Controlling the Population

The Pakistan population in 1947 was 34.4 million which has increased to 207.800 million according to the provisional figures of the 2017 census. Amidst intense political wrangling and a show of national indignation over International Bigwigs, a more important issue affecting the future of this country has gone almost unheeded. Pakistan inherited many chronic problems at the time of its inception. Problems like illiteracy, poverty, unemployment, corruption, lawlessness, political instability, poor infrastructure etc. were uncalled gifts for Pakistan. As with most socioeconomic issues of the country lack of attention, procrastination and complacency have managed to bring a fairly manageable problem to an unsustainable level. Pakistan’s population growth rate is at a staggering 2.4% that is at least double of other regional countries like India, Bangladesh and Sri Lanka. In this day and age, Pakistan’s population has reached around 210 million making Pakistan 5th most populous country of the world, after China, India, USA, Indonesia, and surpassed Brazil, Japan, Bangladesh, Nigeria, South Korea, Russia etc.

In terms of land area Pakistan is 34th and shares 0.6% of the world area and in terms of Human Development Index, it has 150th position in the world.

With abysmal human development indicators, this population explosion presents a most serious challenge to the socioeconomic stability and security of this country. With 60-65pc of the population under the age of 30 and fewer job opportunities, it is a disaster in the making.

The whole world is in the grip of overpopulation. It has crossed the seven billion mark. After terrorism, the population explosion can be called the biggest problem the world is facing today.

We come across the often repeated phrase, “Population Bomb is ticking”. There are numerous threats to Pakistan including military threat from neighboring enemy country like India, the economic threat through rising international debt liabilities, drug addiction, ideological threats, provincialism, sectarianism, terrorism, corruption, political instability, disturbed political conditions, heightened security concerns, unstable law and order situation, soaring oil, food and other commodity prices etc., but the real threat to peace and development of Pakistan is the growing problem of “Pakistan Explosion” along with its serious and grave consequences.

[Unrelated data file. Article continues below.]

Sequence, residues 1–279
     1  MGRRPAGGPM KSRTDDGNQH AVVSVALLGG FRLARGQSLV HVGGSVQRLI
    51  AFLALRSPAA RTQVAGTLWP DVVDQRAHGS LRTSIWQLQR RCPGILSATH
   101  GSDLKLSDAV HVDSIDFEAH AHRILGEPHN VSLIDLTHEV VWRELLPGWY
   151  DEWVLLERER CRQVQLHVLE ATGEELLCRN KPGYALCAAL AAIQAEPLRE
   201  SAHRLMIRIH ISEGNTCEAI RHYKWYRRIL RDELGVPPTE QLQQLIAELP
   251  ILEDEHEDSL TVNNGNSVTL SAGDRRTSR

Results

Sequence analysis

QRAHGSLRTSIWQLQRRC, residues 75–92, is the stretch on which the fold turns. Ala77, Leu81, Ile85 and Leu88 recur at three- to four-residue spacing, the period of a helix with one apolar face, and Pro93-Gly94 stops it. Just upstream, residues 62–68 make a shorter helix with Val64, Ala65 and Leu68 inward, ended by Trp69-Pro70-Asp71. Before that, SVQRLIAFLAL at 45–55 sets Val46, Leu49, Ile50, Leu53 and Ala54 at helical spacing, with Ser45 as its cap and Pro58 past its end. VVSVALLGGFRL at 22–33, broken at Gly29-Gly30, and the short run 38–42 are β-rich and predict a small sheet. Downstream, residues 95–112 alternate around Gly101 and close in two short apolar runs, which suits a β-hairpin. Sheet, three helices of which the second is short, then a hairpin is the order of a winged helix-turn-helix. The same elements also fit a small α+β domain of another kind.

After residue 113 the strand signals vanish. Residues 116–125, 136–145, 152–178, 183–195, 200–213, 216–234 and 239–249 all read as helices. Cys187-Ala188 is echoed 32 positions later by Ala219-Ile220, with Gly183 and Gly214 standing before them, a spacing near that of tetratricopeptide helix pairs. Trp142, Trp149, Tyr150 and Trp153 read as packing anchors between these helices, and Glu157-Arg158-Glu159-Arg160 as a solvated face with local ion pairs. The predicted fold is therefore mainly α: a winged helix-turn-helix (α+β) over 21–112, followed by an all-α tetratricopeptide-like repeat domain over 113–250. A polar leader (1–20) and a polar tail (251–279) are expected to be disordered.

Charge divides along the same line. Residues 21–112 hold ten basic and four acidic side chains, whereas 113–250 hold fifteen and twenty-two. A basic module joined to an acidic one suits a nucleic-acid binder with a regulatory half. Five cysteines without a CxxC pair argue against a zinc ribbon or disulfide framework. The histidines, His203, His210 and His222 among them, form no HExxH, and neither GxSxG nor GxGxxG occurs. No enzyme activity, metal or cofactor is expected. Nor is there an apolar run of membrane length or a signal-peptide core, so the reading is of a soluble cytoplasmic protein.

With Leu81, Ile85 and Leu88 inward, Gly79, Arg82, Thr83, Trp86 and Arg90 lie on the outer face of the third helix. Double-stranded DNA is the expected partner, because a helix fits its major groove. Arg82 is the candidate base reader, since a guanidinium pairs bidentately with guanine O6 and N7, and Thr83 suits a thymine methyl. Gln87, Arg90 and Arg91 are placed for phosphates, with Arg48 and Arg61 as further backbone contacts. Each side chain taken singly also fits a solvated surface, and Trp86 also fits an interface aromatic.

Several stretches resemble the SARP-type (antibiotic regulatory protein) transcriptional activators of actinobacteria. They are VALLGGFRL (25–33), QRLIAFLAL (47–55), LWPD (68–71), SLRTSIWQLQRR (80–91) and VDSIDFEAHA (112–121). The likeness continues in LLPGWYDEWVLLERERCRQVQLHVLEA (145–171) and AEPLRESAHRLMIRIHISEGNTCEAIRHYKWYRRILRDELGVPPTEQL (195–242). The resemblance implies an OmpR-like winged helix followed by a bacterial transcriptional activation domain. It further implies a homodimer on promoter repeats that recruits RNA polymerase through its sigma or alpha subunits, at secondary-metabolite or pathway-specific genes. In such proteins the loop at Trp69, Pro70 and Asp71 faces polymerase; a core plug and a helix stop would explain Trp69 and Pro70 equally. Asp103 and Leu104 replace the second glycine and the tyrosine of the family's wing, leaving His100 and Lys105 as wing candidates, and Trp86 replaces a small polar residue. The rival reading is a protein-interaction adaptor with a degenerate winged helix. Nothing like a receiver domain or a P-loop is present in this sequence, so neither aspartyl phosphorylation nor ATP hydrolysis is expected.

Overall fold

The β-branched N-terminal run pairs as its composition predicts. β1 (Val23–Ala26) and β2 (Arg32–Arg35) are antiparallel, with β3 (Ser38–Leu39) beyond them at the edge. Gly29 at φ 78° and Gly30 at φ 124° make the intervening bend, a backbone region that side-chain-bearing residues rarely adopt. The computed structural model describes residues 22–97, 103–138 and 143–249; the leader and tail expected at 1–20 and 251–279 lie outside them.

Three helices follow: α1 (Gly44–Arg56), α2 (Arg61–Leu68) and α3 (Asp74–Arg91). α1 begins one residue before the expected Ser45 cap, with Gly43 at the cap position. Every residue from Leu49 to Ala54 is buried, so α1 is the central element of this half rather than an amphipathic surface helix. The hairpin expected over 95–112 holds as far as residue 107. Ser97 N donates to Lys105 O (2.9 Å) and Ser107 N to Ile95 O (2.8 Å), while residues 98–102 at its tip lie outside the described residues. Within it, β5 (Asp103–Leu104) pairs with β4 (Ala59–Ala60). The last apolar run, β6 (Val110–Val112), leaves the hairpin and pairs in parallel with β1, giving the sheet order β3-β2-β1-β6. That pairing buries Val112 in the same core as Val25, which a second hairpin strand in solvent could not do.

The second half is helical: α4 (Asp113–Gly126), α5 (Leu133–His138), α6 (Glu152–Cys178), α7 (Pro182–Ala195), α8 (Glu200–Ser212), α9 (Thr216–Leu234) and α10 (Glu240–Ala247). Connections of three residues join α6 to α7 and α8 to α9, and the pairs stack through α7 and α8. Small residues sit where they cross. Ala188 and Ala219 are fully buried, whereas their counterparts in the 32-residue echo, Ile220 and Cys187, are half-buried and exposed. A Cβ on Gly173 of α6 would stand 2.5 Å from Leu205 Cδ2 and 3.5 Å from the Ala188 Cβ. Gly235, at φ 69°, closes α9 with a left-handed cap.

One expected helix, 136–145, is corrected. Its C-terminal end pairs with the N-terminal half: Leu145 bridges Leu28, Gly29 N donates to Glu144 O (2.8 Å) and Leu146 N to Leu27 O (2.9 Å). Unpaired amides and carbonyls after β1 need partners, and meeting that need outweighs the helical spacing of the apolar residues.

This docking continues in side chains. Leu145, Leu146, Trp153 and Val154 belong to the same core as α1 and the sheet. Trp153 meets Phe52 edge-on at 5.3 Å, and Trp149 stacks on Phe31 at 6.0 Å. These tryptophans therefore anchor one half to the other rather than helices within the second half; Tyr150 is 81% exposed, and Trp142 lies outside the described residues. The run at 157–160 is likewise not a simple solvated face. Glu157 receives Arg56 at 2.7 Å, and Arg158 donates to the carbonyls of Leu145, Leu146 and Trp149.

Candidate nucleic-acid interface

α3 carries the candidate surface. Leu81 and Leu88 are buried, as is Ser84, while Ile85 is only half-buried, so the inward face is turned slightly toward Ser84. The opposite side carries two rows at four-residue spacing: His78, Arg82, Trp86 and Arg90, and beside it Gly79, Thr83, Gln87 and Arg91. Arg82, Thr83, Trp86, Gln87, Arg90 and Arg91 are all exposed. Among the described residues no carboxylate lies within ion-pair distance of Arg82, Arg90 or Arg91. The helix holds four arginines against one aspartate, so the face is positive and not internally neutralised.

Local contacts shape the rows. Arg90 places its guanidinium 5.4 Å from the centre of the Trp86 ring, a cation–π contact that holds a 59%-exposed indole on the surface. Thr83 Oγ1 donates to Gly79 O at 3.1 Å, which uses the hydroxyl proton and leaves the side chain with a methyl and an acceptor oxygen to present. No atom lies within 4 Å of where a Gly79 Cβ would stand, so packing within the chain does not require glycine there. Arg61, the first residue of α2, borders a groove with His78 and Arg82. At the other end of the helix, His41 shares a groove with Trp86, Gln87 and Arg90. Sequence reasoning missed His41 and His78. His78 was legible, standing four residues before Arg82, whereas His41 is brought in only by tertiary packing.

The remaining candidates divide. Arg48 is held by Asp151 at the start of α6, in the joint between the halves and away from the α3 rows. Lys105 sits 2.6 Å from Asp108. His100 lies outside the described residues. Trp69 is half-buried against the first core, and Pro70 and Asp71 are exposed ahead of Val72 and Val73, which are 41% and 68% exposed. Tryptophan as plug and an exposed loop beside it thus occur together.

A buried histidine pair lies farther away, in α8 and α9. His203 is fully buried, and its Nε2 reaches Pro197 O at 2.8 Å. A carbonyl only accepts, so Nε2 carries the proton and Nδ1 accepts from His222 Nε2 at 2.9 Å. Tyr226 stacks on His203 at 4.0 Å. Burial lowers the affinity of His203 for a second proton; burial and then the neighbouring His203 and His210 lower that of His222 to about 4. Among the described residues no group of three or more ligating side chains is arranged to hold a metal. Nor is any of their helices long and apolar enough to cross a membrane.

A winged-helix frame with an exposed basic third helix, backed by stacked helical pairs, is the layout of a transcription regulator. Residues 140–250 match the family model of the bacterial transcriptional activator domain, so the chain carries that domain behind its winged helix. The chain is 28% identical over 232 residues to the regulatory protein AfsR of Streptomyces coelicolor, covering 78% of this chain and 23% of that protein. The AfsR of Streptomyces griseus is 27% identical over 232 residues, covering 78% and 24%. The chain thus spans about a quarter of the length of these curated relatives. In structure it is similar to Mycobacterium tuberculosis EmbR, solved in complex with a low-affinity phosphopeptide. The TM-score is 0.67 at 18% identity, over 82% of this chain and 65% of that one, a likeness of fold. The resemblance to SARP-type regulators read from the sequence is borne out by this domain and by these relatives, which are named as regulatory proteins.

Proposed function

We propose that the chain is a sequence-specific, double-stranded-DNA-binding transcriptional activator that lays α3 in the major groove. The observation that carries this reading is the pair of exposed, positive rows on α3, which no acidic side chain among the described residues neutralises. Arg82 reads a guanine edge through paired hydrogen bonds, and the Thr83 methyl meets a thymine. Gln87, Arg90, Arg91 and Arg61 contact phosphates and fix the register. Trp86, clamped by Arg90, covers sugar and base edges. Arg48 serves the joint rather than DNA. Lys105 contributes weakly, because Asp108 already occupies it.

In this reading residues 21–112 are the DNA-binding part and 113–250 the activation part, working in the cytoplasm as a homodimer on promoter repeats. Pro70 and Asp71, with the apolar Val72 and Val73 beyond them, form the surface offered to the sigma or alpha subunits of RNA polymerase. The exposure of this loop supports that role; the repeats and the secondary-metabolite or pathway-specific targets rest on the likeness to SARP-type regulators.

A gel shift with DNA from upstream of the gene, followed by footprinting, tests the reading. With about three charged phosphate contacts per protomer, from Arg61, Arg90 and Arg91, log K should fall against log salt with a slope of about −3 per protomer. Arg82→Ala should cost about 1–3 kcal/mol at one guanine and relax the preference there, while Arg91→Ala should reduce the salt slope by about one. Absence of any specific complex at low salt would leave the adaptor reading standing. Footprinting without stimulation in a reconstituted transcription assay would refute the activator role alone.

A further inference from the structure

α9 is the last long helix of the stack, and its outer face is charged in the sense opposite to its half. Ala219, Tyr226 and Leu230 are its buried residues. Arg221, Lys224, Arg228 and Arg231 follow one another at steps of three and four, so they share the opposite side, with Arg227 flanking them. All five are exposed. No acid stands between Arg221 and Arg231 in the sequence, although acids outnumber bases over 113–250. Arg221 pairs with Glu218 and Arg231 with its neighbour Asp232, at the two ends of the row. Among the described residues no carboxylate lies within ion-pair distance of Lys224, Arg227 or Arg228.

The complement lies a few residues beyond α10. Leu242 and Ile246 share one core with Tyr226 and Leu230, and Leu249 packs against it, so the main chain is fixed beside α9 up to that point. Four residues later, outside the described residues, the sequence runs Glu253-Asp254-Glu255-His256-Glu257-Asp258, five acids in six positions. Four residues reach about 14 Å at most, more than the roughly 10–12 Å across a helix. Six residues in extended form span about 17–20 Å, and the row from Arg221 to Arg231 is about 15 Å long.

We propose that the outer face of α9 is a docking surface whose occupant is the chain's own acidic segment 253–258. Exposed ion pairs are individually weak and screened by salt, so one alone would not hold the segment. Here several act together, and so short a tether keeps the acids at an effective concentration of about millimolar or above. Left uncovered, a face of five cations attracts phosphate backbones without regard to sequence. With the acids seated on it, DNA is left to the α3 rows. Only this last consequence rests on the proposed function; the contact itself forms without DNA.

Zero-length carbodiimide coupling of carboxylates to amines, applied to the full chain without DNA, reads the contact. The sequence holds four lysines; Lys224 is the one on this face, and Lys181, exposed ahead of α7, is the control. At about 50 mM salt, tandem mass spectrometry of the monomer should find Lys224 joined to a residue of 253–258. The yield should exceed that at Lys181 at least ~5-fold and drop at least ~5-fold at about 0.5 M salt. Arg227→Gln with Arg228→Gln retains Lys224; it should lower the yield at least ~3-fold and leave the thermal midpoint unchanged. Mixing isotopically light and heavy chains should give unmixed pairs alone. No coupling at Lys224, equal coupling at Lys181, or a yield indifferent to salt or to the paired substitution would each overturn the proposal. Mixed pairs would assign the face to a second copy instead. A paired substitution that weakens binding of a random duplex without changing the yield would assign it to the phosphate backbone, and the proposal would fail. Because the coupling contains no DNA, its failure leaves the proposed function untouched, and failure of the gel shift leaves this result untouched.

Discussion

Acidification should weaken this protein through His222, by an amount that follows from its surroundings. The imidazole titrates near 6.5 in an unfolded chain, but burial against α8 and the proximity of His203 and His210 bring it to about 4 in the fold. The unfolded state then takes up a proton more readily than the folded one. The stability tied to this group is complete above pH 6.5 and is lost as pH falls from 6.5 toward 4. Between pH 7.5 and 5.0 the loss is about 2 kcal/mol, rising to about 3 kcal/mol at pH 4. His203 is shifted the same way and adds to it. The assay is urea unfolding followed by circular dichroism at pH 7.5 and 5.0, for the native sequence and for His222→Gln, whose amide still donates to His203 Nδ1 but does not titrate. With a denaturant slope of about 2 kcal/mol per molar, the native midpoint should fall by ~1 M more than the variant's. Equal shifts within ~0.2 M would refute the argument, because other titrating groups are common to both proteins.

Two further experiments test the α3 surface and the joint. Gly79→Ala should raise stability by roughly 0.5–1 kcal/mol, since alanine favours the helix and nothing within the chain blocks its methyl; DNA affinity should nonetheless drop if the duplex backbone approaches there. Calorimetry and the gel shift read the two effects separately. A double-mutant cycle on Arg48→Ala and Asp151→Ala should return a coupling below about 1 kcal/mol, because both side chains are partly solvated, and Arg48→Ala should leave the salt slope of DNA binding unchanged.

If the population of the country continues to grow with the same rate i.e.2.4%, it is likely to double in next 37 years, making Pakistan 3rd most populous country of the world; whereas land area will remain the same rather will be reduced due to residential plans.

Major factors responsible for high population growth in Pakistan are high fertility, low contraceptive prevalence rate, high unmet need of family planning, declining mortality, custom of early marriages, son preference, poverty, illiteracy especially of women and lack of women empowerment, religious constraints, beliefs, customs, traditions and lack of recreational activities.

Failure of proper implementation of government’s population planning policies is the major cause of population growth as our contraceptive prevalence rate instead of increasing is decreasing and at present it is 30-35%. Another reason is that government did not have a monitoring system in place to regulate health centers or keep records of the population growth.